The summary report — released by the Colorado Department of Human Services, the first required under a law passed last year — examines cases of child fatalities, near fatalities and incidents of egregious abuse or neglect from 2012.
Trends detailed in the report are meant to create a better understanding of the causes of child abuse and neglect, and identify deficiencies in how cases were handled by child welfare services and other agencies, such as law enforcement.
The report also made 23 recommendations for improving child welfare services at both the state and county level, and in some instances it described how some departments are implementing the suggestions.
“It is a baseline report and the first one ever as dictated by statute,” Human Service Department spokeswoman Liz McDonough said. “We appreciate that the recommendations were included, and we are already working toward implementing many of them and we look forward to continuing to report our progress to the General Assembly.”
Gov. John Hickenlooper and lawmakers received a copy of the report Tuesday.
The Department of Human Services completes a fatality review if the child died of abuse or neglect and had contact with child welfare services during the two years prior to death. Before the new law’s implementation in August, Colorado did not track or review near fatalities or cases of egregious abuse or neglect and was out of compliance with federal requirements.
In 2012, nine fatalities, two near fatalities and one incident of egregious abuse qualified for full fatality review, although information from 37 cases of maltreatment was used to create the 32-page report.
The report offers broad recommendations for ways to improve child welfare services across the state, and it gave specific suggestions for way to improve practices and tools used by caseworkers in individual counties.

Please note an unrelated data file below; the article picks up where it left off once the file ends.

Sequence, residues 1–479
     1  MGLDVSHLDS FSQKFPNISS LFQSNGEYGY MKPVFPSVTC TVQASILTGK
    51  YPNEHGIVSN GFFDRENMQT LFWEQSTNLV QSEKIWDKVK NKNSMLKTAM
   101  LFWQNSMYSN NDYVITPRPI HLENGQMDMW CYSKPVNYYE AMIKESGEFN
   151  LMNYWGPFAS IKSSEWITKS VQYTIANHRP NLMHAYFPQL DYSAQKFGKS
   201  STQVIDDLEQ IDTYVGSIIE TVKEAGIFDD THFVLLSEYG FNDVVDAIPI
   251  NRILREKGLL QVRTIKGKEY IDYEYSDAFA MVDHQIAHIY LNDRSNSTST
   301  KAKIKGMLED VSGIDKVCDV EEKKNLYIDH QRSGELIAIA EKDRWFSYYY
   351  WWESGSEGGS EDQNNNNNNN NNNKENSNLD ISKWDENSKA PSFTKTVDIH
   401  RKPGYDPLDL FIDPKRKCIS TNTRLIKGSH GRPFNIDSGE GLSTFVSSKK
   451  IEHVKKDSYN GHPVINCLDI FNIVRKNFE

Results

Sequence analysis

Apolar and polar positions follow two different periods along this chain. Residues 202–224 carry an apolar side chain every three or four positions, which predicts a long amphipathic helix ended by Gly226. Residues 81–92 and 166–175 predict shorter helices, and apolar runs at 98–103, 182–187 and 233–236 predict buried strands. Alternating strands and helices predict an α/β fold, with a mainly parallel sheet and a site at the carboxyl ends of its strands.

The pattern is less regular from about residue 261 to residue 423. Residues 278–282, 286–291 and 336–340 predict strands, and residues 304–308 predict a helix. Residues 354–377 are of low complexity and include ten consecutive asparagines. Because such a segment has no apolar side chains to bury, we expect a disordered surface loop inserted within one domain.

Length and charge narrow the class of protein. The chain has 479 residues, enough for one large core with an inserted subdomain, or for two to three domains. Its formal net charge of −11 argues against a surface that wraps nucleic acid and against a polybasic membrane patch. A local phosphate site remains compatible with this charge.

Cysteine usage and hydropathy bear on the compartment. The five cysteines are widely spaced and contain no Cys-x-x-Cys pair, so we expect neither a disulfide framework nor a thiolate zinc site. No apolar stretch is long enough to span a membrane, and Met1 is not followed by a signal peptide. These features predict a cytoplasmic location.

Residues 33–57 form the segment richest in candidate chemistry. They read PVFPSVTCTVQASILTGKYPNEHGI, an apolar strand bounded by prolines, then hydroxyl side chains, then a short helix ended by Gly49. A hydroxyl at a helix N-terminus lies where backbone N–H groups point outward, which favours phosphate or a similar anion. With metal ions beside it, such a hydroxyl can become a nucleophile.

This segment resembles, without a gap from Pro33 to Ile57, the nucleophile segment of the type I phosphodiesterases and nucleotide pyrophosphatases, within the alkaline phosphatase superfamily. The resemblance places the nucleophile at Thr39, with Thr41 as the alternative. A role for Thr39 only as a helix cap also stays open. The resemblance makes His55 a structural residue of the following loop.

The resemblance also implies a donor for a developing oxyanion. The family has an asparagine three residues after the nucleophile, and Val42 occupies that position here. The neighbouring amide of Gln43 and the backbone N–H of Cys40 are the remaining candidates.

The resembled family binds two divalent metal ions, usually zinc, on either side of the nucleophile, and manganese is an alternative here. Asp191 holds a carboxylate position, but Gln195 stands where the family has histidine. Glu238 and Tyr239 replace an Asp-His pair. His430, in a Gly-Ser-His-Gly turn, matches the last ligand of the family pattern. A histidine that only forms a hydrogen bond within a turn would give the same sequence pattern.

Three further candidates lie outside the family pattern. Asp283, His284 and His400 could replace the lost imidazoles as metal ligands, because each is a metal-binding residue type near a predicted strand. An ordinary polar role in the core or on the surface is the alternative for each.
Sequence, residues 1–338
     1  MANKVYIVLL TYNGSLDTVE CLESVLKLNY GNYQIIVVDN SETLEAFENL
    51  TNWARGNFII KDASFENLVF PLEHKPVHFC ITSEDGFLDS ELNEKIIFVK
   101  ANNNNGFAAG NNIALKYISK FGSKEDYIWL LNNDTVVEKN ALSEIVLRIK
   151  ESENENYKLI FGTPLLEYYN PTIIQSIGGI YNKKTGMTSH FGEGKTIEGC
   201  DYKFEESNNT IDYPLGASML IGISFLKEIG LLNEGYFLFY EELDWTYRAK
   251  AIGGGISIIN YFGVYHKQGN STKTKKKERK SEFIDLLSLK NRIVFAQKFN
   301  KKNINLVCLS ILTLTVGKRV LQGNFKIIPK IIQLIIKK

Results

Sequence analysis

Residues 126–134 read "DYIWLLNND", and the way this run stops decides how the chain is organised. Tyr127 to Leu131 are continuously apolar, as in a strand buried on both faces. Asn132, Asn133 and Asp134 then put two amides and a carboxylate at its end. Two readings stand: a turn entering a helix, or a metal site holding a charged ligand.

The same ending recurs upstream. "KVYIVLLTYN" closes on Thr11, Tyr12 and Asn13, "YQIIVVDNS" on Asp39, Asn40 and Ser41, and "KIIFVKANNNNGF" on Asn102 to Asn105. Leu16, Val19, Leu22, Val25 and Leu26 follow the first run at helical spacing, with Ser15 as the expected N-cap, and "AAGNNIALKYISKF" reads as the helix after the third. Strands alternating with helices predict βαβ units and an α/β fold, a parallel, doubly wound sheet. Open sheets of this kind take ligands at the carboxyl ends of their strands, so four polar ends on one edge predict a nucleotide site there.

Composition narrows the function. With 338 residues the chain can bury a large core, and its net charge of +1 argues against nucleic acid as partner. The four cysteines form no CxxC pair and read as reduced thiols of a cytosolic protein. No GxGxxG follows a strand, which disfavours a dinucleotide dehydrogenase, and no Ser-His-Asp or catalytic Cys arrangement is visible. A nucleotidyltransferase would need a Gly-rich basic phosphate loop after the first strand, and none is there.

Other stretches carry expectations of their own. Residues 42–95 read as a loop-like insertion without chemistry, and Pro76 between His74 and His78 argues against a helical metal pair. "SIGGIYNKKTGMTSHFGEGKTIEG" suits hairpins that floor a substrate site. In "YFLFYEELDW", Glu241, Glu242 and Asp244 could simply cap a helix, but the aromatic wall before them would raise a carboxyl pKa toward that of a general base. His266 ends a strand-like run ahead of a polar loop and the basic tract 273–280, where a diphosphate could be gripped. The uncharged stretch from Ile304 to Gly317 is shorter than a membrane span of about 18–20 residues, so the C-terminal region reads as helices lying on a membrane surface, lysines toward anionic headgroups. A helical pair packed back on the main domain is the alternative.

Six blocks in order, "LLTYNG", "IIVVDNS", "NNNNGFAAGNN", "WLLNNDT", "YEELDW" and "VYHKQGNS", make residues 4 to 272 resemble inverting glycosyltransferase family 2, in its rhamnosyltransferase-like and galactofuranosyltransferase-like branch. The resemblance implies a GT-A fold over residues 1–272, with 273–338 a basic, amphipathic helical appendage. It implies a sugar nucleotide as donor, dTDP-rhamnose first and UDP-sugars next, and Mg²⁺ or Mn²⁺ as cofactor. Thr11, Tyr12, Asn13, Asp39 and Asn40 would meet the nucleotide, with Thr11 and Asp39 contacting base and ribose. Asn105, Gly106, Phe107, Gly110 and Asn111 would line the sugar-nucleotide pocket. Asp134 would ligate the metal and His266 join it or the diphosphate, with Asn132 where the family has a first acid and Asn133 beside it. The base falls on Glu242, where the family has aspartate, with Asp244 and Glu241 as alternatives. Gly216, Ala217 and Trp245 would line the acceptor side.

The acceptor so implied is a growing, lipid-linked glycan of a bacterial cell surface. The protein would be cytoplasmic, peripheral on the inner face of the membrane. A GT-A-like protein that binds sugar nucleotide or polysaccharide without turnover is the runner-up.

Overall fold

Three of the report’s recommendations focused on Trails, the computer system used to track child welfare cases. The system can make it difficult to track reports about families that move from county to county. One recommendation suggested creating a scrolling alert in the system to notify caseworkers in any county when there is a concern about the welfare of a child.
Eight suggestions focused on creating better systems and tools for caseworkers completing risk and safety assessments on children. Improved assessment tools are expected to be implemented this fall, according to the report.
Other recommendations looked at improving communications between law enforcement agencies and mental health services.
Specific recommendations were made for Adams, Denver, Eagle and Mesa counties, each of which saw at least one child fatality last year.
Additional coaching on how to use the risk-assessment tool in making decisions about children’s safety was recommended for Denver Human Services.
“At Denver Human Services, we have worked hard to build a culture of continuous improvement,” spokeswoman Revekka Balancier said. “We welcome all occasions to examine practice, and look forward to continued close partnership with the state and other counties to share information and find opportunities for development that will provide better outcomes for children and families.”
Issues with Colorado’s child welfare system were detailed in the Denver Post/9News series Failed to Death.
Jordan Steffen: 303-954-1794, firstname.lastname@example.org or twitter.com/jsteffendp
Numbers from the department of human services report
• Twenty-four of the 26 substantiated child fatalities recorded by the Department of Human Services were children 5 or younger.
• Almost half of the mothers were under the age of 24 at the time of their child’s death.
• In 30 percent of child fatalities in 2012, the child’s family had a history of mental health issues.
• Half of the near fatalities reviewed involved families with histories of domestic violence.